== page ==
• Mr. McCarthy, Pope Benedict XVI allowed Anglican married priests to become RC priests because he was respecting and responding to their sincere search for Truth. A search that led them to Rome. It is as simple as that.

  4. This is a profound response to a possible disaster. I would ask can you imagine Our Lady(as priest) saying at Mass This is my body. Christ was in her womb, not part of her body.

  5. James Casper
    “Cardinal Sarah is typical of conservative Anglican prelates from former colonies of the French and British.”


    I’m not sure of your experience in former French colonies but Anglican prelates aren’t usually in large supply. And I’m puzzled how Cardinal Sarah would be typical of Anglicans in the first place? But perhaps I’m missing something in your comments?

    I might agree that colonies tend to be more conservative/traditional than their mother countries, but I think that conserving what’s good is wise & sometimes the further you’re away from home, the more you appreciate its customs & traditions.
    Languages work that way, too. Older words & archaic usage can persist in colonies. Some of my neighbors still use words that died out of common use in 17th Century France.

  6. The sky not falling? Care to compare Anglican and Catholic ordination numbers or Sunday attendance numbers? These men accepted into ministry in the Roman Church were only an anomoly in order to provide them safe haven for orthodoxy, and in no way an edorsement AGAINST orthodoxy.

  7. Can’t say I think much of Mr. James Casper’s comment but he is typical of the don’t know anything about what Christ meant for his Church and priesthood to be ilk. Pope Benedict XVI is the one who allowed the Anglican priests to become Catholic and they are faithful and wonderful. However, the priesthood is still meant for celibate priests and we await God’s blessing to give us these wonderful men if we get past the current pontificate and secular world views.

  8. The conclusion of A Call to Arms, by Matthew Schmitz, senior editor of First Things:

    In different ways, Benedict and Sarah both recognize that clerical celibacy is not an arbitrary discipline. It is a sign that the Church refuses to follow the logic of this world and instead follows the logic of a world where men do not marry. So long as Christians are tempted to idolize earthly powers—party, nation, and market—we cannot dispense with this sign of loyalty to the heavenly city.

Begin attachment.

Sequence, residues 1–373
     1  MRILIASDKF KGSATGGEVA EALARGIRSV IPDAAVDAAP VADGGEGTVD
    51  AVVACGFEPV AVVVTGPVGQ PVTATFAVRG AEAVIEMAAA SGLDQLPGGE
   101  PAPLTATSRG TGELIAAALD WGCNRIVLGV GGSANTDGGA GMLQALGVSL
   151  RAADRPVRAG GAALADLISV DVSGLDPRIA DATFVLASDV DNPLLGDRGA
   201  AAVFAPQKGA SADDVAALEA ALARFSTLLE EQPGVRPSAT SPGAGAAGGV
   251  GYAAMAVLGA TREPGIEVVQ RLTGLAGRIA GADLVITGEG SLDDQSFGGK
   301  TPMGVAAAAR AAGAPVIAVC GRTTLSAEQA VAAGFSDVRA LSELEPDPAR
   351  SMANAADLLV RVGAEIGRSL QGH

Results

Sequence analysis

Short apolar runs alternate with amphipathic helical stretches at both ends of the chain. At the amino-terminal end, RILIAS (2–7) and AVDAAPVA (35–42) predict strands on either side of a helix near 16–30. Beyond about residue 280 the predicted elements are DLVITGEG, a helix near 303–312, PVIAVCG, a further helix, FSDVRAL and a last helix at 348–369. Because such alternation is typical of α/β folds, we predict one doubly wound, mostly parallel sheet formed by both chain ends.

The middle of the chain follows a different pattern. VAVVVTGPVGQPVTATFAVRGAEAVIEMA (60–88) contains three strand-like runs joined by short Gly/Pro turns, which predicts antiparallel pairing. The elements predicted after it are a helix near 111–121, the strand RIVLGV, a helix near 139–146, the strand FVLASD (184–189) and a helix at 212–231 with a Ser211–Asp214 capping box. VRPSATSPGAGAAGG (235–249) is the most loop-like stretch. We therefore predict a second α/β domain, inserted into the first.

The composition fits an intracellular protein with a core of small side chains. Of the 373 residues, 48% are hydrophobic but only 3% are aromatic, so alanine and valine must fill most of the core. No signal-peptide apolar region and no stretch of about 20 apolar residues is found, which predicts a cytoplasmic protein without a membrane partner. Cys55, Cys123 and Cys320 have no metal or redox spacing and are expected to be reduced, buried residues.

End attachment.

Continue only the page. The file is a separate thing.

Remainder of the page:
9. This excerpt authored by Cardinal Sarah is a most beautiful testament to the true nature of priest celibacy, “In early 1976, when I was a young priest, I went to some remote villages in Guinea. Some of them had not received a visit from a priest in almost ten years, because the European missionaries had been expelled from Sékou Touré in 1967. However, the Christians continued to teach catechism to children and to recite the daily prayers and the rosary. They showed great devotion to the Virgin Mary and gathered on Sunday to listen to the Word of God. May I be allowed to say with certainty and with force: I believe that if married men had been ordained in every village, the Eucharistic hunger of the faithful would have died out. The people would have been separated from this joy of receiving, in the priest, another Christ. Because, with the instinct of faith, the poor know that a priest who has renounced marriage gives them the gift of all his spousal love” (Sandro Magister 1.13.20 from the French edition). During my mission experiences I never came across similar in Africa since missions once initiated generally continued. Except in the Am Southwest in remote areas of N New Mexico in and around Red River Mestizo settlements were cut off for various reasons, the Mexican Am War, ecclesial political issues between Spanish Franciscans and French Jesuits, difficult access. During the interim the people kept the faith with variances although their expression was exceptional retaining communal traditions like Las Posadas. Creating some of the most beautiful hymns ever. When we arrived [that is when they the first priests since the interim] the people expected complete dedication and holiness. If we fail Him Our Lord apparently turns to the laity.